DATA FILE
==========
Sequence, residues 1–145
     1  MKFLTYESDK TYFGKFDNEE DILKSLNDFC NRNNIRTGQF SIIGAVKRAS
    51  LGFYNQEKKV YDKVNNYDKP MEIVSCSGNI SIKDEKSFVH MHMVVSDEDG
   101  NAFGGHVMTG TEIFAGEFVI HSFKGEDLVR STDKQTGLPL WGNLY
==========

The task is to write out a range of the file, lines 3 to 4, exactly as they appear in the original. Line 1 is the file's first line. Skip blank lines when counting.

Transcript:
    51  LGFYNQEKKV YDKVNNYDKP MEIVSCSGNI SIKDEKSFVH MHMVVSDEDG
   101  NAFGGHVMTG TEIFAGEFVI HSFKGEDLVR STDKQTGLPL WGNLY